On the eve of the U.S. Supreme Court hearing arguments on same-sex marriage, Cleveland Browns linebacker Scott Fujita has written a beautiful and powerful column for the New York Times on why gay marriage should be legal. Here are two paragraphs I especially like:
My belief is rooted in a childhood nurtured by a Christian message of love, compassion and acceptance. It's grounded in the fact that I was adopted and know there are thousands of children institutionalized in various foster programs, in desperate need of permanent, safe and loving homes, but living in states that refuse to allow unmarried couples, including gays and lesbians, to adopt because they consider them not fit to be parents.
Believe it or not, conversations about issues like gay marriage take place in locker rooms every day. In many respects, the football locker room is a microcosm of society. While there is certainly an element of bravado in our sport, football players are not the meatheads many think we are. For some of my friends who raise personal objections to marriage equality, they still recognize the importance of being accepting. And many of them also recognize that regardless of what they choose to believe or practice at home or at their church, that doesn't give them the right to discriminate. I am encouraged by how I've seen such conversations evolve.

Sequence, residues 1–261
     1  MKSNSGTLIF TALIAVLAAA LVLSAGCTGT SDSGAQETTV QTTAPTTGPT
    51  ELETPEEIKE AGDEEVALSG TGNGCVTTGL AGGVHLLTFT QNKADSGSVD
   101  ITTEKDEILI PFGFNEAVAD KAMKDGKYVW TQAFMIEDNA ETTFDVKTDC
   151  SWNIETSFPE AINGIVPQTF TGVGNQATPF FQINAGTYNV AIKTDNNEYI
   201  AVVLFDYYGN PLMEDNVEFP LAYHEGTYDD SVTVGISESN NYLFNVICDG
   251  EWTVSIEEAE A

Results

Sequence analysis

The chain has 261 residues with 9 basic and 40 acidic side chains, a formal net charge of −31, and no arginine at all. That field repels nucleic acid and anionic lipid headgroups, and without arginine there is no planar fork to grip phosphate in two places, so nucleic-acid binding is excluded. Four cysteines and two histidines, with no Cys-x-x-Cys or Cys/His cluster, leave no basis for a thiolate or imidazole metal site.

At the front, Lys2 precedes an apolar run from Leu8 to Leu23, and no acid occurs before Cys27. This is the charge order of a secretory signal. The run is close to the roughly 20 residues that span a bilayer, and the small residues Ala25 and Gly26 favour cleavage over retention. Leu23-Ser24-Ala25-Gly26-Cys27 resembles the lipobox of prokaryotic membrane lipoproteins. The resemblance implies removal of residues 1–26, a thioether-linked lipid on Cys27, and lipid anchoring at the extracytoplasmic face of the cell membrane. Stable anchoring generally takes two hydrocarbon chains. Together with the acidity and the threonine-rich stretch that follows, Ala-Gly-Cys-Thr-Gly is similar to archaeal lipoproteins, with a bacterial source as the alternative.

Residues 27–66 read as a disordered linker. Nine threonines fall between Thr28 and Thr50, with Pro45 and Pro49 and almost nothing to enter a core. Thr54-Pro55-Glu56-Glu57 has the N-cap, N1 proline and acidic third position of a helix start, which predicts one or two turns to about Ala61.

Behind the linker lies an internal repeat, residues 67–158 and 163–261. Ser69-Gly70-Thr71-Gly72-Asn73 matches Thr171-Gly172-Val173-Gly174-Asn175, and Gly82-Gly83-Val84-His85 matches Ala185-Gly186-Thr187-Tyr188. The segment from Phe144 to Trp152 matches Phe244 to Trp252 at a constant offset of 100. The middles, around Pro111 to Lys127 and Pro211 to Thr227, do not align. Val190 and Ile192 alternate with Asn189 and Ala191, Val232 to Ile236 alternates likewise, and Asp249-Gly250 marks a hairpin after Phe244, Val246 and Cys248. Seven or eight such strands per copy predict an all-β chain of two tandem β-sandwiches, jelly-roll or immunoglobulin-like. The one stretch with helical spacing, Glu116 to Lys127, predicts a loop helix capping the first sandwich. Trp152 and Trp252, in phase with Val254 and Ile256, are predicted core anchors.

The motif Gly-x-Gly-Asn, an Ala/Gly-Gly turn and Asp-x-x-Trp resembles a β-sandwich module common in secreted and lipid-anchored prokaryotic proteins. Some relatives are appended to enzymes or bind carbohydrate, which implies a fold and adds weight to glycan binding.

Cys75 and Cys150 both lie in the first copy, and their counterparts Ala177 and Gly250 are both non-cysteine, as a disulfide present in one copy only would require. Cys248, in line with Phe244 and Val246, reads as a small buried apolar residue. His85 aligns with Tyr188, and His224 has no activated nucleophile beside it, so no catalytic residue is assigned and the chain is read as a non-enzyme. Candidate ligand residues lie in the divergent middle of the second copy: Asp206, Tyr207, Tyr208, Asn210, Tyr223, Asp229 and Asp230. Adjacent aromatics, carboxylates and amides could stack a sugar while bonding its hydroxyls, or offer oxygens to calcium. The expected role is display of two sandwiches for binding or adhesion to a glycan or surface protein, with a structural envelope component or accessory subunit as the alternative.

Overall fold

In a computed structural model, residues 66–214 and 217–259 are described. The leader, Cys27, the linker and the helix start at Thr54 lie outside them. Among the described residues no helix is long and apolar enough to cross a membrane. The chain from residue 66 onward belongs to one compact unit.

There is much more to the column than those two paragraphs and it stands out as a wonderful affirmation of love, acceptance and humanity. Fujita is a an amazing person and a terrific advocate.